Can local governments be for “equal and free human beings?”
The lives of women and men differ. Even when they have the same education, job and status large domains like family responsibilities and the differentiation of social life are full of unevenness in regards to roles and tasks. Obviously what is dangerous here are not the differences, but their transformations into instances of inequality as a result of gender-based roles.
Local governments constitute a critical area in this respect. Failing to take into consideration women’s needs in the preparation and delivery of services causes a serious inequality in the shape of an uneven utilization of services and resources by women. It perpetuates or deepens the existing inequalities. Services that address women’s needs such as centers for combating violence against women, laundries and more are clearly important. But planning and implementing services without taking into consideration women’s access and use is the more common approach. For example, if features such as timetables and transportation means are not planned in such a way as to make one’s return from work safe female employment is affected. The dust and mud of unpaved roads mean additional housework. Planning parks and sports facilities without considering women’s needs means that women cannot benefit equally from leisure, rest and healthy life opportunities. Also, if some services like those in the area of care are lacking, it is women who must fill the gap. In Turkey, where there are more than 12 million housewives, the reality is that a majority of women must stay home to look after children, the elderly and the handicapped. The result is that in any case women are restricted in their participation of life. If we want women to become “equal and free human beings” we have to consider local governments in a new light and also ensure there are women’s representatives defending their needs in the decision making and implementation processes.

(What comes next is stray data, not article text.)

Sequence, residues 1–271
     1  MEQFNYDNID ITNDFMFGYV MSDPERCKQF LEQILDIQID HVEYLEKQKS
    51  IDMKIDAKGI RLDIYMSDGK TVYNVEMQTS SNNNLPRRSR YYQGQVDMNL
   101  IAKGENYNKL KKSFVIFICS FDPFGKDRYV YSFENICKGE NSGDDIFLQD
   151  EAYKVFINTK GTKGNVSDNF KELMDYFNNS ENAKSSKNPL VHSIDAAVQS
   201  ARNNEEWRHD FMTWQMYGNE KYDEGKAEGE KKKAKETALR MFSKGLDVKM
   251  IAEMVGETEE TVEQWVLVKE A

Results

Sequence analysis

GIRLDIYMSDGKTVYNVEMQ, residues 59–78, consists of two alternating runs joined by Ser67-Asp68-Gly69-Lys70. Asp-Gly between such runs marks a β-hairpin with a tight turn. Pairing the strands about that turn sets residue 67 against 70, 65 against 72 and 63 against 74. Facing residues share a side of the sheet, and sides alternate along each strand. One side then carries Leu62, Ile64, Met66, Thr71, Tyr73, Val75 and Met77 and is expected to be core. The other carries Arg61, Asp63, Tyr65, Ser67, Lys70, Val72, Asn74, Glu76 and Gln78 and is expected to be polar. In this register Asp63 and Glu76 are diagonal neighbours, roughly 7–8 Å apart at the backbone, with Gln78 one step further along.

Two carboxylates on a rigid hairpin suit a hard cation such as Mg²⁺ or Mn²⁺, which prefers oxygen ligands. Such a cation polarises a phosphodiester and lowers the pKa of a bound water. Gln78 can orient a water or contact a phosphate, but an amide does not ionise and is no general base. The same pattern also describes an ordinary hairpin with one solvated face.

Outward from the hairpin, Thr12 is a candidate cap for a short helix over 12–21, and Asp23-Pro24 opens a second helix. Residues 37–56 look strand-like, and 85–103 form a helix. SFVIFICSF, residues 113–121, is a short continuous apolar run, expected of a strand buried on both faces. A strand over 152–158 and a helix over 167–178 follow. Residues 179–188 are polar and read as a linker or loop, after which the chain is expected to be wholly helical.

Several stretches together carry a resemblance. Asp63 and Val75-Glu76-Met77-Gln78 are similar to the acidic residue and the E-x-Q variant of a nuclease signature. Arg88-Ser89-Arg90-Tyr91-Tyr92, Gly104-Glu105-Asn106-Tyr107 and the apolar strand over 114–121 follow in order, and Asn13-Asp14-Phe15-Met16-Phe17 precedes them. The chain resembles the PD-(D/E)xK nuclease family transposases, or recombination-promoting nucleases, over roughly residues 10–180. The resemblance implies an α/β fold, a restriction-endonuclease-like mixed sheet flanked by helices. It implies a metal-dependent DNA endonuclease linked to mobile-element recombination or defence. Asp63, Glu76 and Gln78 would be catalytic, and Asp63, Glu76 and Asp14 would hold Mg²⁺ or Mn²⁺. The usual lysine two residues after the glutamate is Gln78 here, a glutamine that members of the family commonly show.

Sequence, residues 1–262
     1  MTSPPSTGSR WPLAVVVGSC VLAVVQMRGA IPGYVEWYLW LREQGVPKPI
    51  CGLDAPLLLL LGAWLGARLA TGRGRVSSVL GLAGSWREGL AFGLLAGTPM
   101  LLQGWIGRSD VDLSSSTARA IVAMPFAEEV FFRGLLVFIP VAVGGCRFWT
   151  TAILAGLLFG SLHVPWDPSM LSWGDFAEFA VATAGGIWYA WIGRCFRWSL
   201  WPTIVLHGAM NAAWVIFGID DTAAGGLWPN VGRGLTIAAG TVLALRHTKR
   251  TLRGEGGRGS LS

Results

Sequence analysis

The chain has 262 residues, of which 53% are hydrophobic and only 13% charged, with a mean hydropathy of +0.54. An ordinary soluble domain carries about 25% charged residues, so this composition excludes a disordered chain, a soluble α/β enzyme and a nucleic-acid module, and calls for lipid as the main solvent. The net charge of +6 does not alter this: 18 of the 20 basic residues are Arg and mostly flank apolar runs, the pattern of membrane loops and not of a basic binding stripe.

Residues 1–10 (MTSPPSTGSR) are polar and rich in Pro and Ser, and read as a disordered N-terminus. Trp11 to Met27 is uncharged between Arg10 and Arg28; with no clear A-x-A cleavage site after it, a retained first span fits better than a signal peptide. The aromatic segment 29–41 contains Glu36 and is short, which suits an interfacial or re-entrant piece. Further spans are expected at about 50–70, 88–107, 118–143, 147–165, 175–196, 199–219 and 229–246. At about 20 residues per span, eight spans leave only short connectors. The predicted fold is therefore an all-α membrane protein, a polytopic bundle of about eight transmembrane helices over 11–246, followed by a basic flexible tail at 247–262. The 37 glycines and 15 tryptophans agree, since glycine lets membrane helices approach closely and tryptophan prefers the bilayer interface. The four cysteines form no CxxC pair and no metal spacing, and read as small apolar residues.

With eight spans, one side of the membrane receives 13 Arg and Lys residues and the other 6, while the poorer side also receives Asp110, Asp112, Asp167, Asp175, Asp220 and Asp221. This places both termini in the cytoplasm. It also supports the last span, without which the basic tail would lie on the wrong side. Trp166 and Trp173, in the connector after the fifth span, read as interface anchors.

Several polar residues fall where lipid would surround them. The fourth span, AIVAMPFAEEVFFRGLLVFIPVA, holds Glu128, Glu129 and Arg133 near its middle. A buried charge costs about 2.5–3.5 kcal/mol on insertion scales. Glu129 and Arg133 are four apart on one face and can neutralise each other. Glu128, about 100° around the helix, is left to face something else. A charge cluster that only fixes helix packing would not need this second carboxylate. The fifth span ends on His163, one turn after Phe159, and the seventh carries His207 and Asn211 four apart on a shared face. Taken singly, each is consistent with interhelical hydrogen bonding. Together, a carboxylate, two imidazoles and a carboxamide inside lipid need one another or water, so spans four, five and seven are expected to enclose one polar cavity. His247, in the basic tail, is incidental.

To conclude: CHP’s success at local elections is of critical importance
With respect to her level of development, Turkey is seriously lagging behind in terms of equality between women and men in international classifications. One of the main reasons for this is the low employment rate of women. The second reason is the limited presence of women in political life. In the 2011 general elections, women’s rate of representation in Parliament rose to 14.2 percent. Although this is an improvement, it is not sufficient. In the 2014 local elections, even if we increase the representation rate of women by 100 percent, we will still not reach the level of 10 percent. Therefore, implementing the quota system in candidate lists is becoming much more important under these circumstances. In accordance with the CHP’s new constitution, 33 percent of the candidates should consititute women. Thus, the CHP’s electoral success in the forthcoming local elections will be of critical importance from the viewpoint of women’s representation in the area of local government.